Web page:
Sometimes negotiators care so much about the issues at stake that they mistake compromise for surrender. Sometimes they’re so confident things will go their way they don’t try hard enough. Our list of the 10 Worst Negotiations of 2014 includes talks that failed for one or both of these reasons, as well as for numerous other lapses. As we reflect on the shortcomings of 2014, let’s learn from the past and strive to negotiate more rationally in 2015.
10. The Red Sox lose Jon Lester
It might only have been the most important negotiation of the year to diehard Boston Red Sox fans, but for the rest of us, the team’s spectacularly botched opening offer in renegotiations with its star pitcher, Jon Lester, serves as a reminder of the importance of crafting opening offers with care. By tossing out a random, lowball number ($70 million over four years), the Sox offended Lester and ultimately drove him into the arms of the Chicago Cubs and their six-year, $155 million deal.
9. Satya Nadella’s bad job advice
Microsoft CEO Satya Nadella found himself in the hot seat in October after advising women attending a computing conference to wait for raises and promotions to come to them rather than negotiating for them directly. Widely criticized for his remarks, which contradict recent negotiation research and advice, Nadella tweeted a mea cupla: he said he’d been “completely wrong” and said he’d do his part to narrow the persistent gender pay gap in Silicon Valley.
See Also: After Job Dealmaking Advice, A Retraction from Microsoft CEO Satya Nadella
8. Market Basket almost falls apart
Loyalty to the CEO is supposed to be a good thing, but for New England supermarket chain Market Basket, employees’ support of their chief and co-owner, Arthur T. Demoulas, proved perversely destructive in 2014. After Demoulas was fired by his cousin—and before he was reinstated through mediation—employee demonstrations and a customer boycott nearly brought down the company. The mess reminds us of the value of working out family conflicts in private.
See Also: In Dispute Resolution, a Tale of Two Arthurs
7. Collusion in Silicon Valley
This past year, some of the top Silicon Valley firms—Apple, Google, Intel, and Adobe—settled a lawsuit filed by engineers who accused them of illegally suppressing their pay in a secret anti-poaching pact. The plot allegedly was the brainchild of Steve Jobs, Apple’s late CEO, and Google cofounder Sergey Brin, whose agreement not to recruit from each other was tantamount to collusion. The story shows how ethical breaches, when framed as innocuous, can snowball out of control in negotiation.
See Also: Dealmaking – Beyond Collusion – How to Include Outsiders in Your Deal in Business Negotiations
6. The Philadelphia Inquirer battle
What seemed like a promising partnership disintegrated into an embarrassing public showdown when co-owners of the Philadelphia Inquirer clashed over personnel and business issues soon after taking control of the paper. The owners’ inability to “consciously uncouple” harmed the Inquirer and cast everyone involved in a negative light.
5. Amazon’s standoff with Hachette
When publisher Hachette refused to meet its demands on e-book pricing, Amazon played hardball by raising prices on Hachette titles, delaying their shipment, and engaging in other dirty tricks. The retailer reportedly caved in the long run, but not after incurring negative publicity and harming writers, the unwitting pawns in a twisted game.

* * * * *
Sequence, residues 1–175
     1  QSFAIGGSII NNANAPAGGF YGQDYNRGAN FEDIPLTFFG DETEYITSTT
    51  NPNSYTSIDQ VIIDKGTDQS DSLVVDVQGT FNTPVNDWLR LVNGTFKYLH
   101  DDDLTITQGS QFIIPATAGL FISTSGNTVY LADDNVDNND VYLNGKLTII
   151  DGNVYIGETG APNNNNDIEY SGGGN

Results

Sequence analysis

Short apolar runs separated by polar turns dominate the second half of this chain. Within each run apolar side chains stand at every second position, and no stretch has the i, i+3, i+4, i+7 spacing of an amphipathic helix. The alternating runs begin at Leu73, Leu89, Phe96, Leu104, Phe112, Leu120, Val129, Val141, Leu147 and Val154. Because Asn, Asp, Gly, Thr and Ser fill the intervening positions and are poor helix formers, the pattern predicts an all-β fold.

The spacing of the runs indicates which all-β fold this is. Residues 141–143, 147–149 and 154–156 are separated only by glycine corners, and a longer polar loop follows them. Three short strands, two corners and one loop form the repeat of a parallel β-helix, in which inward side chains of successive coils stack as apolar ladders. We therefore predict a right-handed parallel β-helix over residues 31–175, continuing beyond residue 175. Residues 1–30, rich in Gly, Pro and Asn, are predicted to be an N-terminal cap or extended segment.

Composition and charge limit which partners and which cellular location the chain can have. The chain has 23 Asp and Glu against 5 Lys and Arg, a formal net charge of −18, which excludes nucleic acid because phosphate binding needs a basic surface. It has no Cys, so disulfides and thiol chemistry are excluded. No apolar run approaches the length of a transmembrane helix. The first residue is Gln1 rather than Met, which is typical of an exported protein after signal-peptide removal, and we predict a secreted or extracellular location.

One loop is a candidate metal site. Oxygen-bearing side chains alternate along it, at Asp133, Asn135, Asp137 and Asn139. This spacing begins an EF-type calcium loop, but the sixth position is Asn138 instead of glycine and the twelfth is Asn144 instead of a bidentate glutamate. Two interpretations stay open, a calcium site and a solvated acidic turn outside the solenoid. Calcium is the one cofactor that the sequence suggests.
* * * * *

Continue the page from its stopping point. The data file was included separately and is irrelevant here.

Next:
See Also: When Dealmaking Breaks Down, Take the High Road
4. The U.S.’s hands-off approach to hostages
Infighting and policy confusion among government agencies left the families of U.S. journalists and others taken hostage by Middle Eastern terrorist groups feeling alone and adrift last year. Refusing to talk to terrorists, negotiate with middlemen, or provide useful help to families, the U.S. government restricted itself to military interventions that failed and watched helplessly as citizens such as James Foley were executed.
3. Another failed Middle East peace process
Sadly, nine months of negotiations between Israel and the Palestinians, led by U.S. Secretary of State John Kerry, collapsed in April, joining a long string of failed talks between the two parties in the enduring conflict. Each side accused the other of sabotaging the negotiations with provocative actions that, they claimed, violated preconditions to the talks. To move forward, the enemies will need to find ways to build trust.
2. A failure to engage with Putin
Despite years of interactions with the man, world leaders seemed mystified by Russian president Vladimir Putin and his brazen incursion into Crimea in 2014. A failure to acknowledge and address Western slights, as perceived by Putin, led to a breakdown in communication that has left Russia isolated and unpredictable.
See Also: Dealing with Difficult People – Such as Putin
1. An enduring conflict in Syria
In May of last year, Lakhdar Brahimi, U.N. special envoy to Syria, announced he was stepping down as mediator of the Syrian conflict due to frustration with a lack of progress. A second round of peace talks had collapsed in February when the two sides—the Syrian government and the opposition coalition—were unable to agree on how to negotiate. To date, more than 100,000 people are believed to have died in the conflict, and millions have been displaced.
See Also: A Peacekeeper Abandons Negotiations in Syria
Thought you may enjoy reading the top 10 worst negotiations from 2014 as determined by Harvard Law School.
These are great. You should send the winners certificates/trophies and invite them to attend a PON seminar to learn how to be better negotiators.